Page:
The Count would never see his country, but he helped rule it from across the pond.
A couple of interesting little things: Our Earl of Craven may have been a rock hunter, but he was a kind man. He stayed in England during the plague to tend the sick and donate land for the burials of the dying, and he was also known to be in London to help people through the Great Fire of London. He knew the famous diary writer Samuel Pepys, who referred to him as both “helmsman” and “my good friend”.
In his county of the same name, Jack Veit spoke to the director of the Craven Arts Council, Jonathan Berger, about the damaged portrait some 350 years later. “He gave me Ed (Macomber’s) number and said you won the lottery,” said Veit.
Ed Macomber isn’t just a well-known local artist. He is also a restorer who has restored numerous paintings including a Picasso from a private collection.
Macomber offered a price that was only 10 percent of the price of other restorers, and Veit got approval for the funds.
Macomber went through its restoration carefully. “There were tons of tears and scratches and a lot of dirt and stuff,” he said. He carefully photographed the work, then removed the canvas from the wooden stretchers (the wooden frame to which a canvas is attached) and stretched them, re-moistening them with acetate and moisture. Then he glued new linen to the back, sealed the two with a heated vacuum table, reinforced the piece and sealed the tears.
Then the dirt and old paint was removed. “Lacquer is made from damar lacquer and it yellows after 30-40 years,” said Macomber. So by the age of 100 it was getting pretty dark. When I took off the paint (the original color) it came through. “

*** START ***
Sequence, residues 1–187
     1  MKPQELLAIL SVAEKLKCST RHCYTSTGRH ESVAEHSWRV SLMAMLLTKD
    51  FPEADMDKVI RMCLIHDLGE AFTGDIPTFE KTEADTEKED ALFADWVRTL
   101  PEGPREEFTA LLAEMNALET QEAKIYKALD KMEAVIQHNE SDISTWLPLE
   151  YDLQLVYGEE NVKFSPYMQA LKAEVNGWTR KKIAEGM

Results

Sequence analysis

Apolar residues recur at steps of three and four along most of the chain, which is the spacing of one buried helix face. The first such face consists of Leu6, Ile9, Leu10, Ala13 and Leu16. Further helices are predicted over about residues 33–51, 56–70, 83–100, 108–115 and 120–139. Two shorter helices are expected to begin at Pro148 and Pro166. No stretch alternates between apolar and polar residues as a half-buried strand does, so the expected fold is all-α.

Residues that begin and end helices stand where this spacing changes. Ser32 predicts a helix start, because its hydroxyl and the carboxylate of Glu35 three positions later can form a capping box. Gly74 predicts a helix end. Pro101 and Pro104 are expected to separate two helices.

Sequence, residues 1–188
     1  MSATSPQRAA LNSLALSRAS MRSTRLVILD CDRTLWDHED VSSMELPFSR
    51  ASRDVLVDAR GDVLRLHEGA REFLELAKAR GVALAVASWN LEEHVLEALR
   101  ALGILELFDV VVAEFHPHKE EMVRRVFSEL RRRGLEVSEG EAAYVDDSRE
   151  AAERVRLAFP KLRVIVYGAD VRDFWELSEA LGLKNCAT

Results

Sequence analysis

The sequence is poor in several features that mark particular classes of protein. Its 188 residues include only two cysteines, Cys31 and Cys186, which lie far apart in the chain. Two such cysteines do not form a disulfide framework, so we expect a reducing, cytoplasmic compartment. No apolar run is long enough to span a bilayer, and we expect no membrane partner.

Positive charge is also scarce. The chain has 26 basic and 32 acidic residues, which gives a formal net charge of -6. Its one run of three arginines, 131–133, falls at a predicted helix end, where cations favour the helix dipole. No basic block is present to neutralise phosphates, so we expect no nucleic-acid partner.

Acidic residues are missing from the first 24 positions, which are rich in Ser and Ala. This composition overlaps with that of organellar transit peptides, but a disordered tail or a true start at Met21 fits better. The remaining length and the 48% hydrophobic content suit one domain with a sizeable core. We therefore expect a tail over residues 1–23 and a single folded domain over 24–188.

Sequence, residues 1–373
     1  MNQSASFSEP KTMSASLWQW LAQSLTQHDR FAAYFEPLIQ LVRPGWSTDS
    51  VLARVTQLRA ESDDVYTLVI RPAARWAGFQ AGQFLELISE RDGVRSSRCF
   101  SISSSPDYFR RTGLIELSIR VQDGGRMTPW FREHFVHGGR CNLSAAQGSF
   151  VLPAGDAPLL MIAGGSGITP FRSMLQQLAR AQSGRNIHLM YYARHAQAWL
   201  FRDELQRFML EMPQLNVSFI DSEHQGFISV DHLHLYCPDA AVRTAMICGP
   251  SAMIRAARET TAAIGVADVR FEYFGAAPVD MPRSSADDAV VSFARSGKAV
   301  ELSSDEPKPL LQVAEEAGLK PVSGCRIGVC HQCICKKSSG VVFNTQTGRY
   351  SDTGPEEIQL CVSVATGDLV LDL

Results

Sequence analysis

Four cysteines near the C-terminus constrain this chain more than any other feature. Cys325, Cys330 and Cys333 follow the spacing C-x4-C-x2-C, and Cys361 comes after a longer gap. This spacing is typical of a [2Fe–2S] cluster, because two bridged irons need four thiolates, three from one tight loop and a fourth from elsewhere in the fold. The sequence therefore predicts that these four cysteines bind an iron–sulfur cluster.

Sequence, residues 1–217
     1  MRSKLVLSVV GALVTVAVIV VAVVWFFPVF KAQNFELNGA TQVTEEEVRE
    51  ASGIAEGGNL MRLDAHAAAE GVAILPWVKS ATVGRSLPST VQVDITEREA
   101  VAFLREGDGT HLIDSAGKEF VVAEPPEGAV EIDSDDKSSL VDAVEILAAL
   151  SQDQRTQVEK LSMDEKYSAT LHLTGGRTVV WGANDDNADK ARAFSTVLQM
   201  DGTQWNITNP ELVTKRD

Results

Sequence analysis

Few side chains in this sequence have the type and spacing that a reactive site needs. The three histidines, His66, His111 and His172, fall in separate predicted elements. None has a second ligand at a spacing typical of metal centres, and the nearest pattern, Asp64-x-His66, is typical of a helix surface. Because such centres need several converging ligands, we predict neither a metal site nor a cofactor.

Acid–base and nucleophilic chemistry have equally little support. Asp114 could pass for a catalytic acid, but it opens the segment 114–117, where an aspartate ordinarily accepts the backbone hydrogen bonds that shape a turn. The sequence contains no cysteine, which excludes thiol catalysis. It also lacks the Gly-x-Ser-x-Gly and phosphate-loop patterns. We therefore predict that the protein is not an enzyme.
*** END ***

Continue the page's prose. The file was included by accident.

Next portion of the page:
The color never fades as the pictures get older, he noted: it’s the varnish and the dirt.
He had to touch up damaged parts of the painting with his own colors – he protected the original work by applying a coat of varnish before adding his colors so that future restorers could get beyond his work to the original. He said his touch-ups were light – more than 90 percent of the painting you see is the original color.
Macomber also convinced the county to replace the scope of work. “It was in a modern style, like the 1960s style, and I said you have to find something that is a little more contemporary with the painting,” he said. He found what he needed through rehearsals at Ballantines on Craven Street.
He started his work in January and ended on March 17th.
Moore’s painting is a marked improvement over the Earl hanging in the courthouse – the details sharper, the color more interesting, the expression more real. That little strip of Van Dyke beard is missing from the restored work – maybe he had just missed the shave spot before sitting down for the court painting.
But unfortunately, the new, improved Earl of Craven isn’t going to get a major public reveal. Veit said it will be placed in the commissioners’ meeting room in the courthouse annex, where the public can enjoy it, and it will receive a quieter, if publicly welcome, reveal during an upcoming meeting.
Veit said the change from the beginning to the end of the restoration was remarkable. “I had the work jotted down when I passed it in this office because it attracts your eyes,” he said, but now “there are subtleties” that stand out. “It’s just great because it brings out so much more detail. It’s a great story here. “